Nike at Illinois: the price behind the Swoosh

Illinois’ Claire Wheatley (1) throws the ball down the field after making a save during the game against Arizona State at the Illinois track and soccer stadium on August 29, 2014. The Illini won 3-1.

Orange and blue is everywhere on the University’s campus. Illinois students own at least some type of clothing that shows the school’s colors, whether it be t-shirts, hoodies, sweatshirts, shorts or hats.

But neatly tucked away on a sleeve or on a tag there is also something on nearly all of these pieces of apparel: the Nike Inc. swoosh.

The swoosh isn’t quite as noticeable as the bright colors of the gear, but it’s everywhere. Not just on clothing: It can be seen on team posters, in stores and even on stadium scoreboards.

In October 2005, the University and Nike reached a contract agreement to make the corporation the official sponsor of all Illini apparel.

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As part of the contract, the University agreed that all apparel sold by the Division of Intercollegiate Athletics would be Nike apparel. In exchange, the University receives $325,000 in compensation that is divided into two equal semi-annual installments, one in January and one in July. The University also received a $500,000 commitment bonus that was paid within 30 days of the execution of the agreement.

The contract also entails program-specific performance-based incentives. If the football program made a Bowl Championship Series appearance — since replaced by the College Football Playoff system — the University would receive $25,000. If the men’s basketball team made a Final Four appearance, the University would receive $25,000, while if the women’s basketball team made a Final Four appearance, the University would receive $10,000.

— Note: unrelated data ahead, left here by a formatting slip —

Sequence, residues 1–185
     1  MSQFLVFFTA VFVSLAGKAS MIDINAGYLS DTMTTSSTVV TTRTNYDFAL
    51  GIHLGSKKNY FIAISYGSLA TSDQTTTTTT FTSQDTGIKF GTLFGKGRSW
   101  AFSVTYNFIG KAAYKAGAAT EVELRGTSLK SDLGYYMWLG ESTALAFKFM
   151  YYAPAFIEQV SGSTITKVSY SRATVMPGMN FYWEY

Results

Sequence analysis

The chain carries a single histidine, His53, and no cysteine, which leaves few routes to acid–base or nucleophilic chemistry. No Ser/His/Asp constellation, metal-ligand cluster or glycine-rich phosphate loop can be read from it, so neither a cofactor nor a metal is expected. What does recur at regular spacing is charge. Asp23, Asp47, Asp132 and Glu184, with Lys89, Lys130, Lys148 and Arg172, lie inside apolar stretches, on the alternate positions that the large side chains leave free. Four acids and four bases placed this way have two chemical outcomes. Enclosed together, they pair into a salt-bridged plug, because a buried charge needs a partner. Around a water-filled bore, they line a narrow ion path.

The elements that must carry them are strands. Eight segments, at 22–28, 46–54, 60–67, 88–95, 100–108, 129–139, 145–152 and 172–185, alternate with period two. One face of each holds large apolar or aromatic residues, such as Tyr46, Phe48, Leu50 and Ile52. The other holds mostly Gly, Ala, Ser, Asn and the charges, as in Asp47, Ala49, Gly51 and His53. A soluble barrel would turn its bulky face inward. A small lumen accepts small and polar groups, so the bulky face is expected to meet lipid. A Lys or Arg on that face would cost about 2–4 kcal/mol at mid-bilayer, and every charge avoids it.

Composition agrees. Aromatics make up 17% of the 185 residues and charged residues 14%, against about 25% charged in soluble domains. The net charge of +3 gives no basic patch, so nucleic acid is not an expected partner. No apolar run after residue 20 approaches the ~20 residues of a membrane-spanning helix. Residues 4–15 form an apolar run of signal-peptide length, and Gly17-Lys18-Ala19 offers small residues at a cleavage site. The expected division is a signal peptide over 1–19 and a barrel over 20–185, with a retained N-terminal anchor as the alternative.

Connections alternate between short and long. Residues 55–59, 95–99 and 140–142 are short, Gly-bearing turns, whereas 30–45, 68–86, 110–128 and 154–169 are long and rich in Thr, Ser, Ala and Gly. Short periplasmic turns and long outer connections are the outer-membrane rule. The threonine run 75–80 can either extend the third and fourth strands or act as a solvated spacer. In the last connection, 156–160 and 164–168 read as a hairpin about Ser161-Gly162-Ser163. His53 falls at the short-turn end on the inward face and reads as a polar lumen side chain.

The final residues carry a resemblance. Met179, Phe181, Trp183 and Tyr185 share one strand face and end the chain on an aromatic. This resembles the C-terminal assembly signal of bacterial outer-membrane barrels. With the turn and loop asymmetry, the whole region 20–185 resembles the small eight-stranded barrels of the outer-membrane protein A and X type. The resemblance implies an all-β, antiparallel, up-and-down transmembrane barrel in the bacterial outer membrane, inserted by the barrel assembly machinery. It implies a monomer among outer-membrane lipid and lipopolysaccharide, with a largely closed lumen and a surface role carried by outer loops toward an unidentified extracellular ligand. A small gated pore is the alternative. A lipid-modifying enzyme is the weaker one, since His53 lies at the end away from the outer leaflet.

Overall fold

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Outside of the compensation the University receives for using only Nike apparel and displaying the swoosh logo around athletic events, the Division of Intercollegiate Athletics also receives free apparel to give to Illini student-athletes.

In the first five years of the contract, 2006 to 2011, the department was allowed to order $1.1 million worth of “mutually determined sport-appropriate NIKE Product for use by (or in connection with) the Covered Programs, by coaches, staff and members of the Athletic Department through the ‘Nike By Mail’ program.”

University Chancellor Phyllis Wise has been on the Nike board of directors since 2009. Other members of the board include Tim Cook, CEO of Apple, and John Donahoe II, the CEO of eBay Inc.

The apparel value limit was increased to $1.2 million from 2011 to 2016 due to the terms of the original agreement.

The department also receives a special offer on football shoes based on a 2-for-1 program. In each contract year that the University has ordered at least 350 pairs of shoes, the University is entitled to order direct from Nike on a “2-for-1” basis, where for every two pairs of shoes ordered, one would be received for free. In the example provided in the contract, if for the 2006 season the University placed an initial order for 350 pairs and then the University ordered 150 more pairs, 100 would be paid at wholesale price while 50 would be received for free. Nike also provides 100 pairs of football shoes for each postseason bowl the team participates in. For the football gloves program, the University must order 500 pairs and is then entitled to the “1-for-1” basis. So if 500 pairs were ordered and another 100 were ordered, 50 would be paid at wholesale price and 50 would be free.

Nike also receives other benefits for its sponsorship. The corporation receives eight season tickets between the 30-yard lines and 12 tickets to the best available seats at a bowl game. Nike receives eight season tickets for the men’s basketball season, 12 for the Big Ten tournament and either the NCAA tournament or the NIT. Four season tickets are set aside for the women’s basketball program and 12 for a postseason tournament. There are also four additional season tickets made available to Nike to ticketed programs, like Illini volleyball.

During each contract year, the corporation also receives 50 tickets (42 in addition to the eight season tickets) to one agreed upon football game. Nike also receives 25 tickets — 17 in addition to the season tickets ­— to one mutually agreed upon men’s basketball game. Nike receives four “VIP” parking passes at all basketball and football games.

Illinois is one of eight schools in the Big Ten that is sponsored by Nike. That means that whether the colors of the gear are orange and blue, scarlet and grey or yellow and gold, the swoosh is present.

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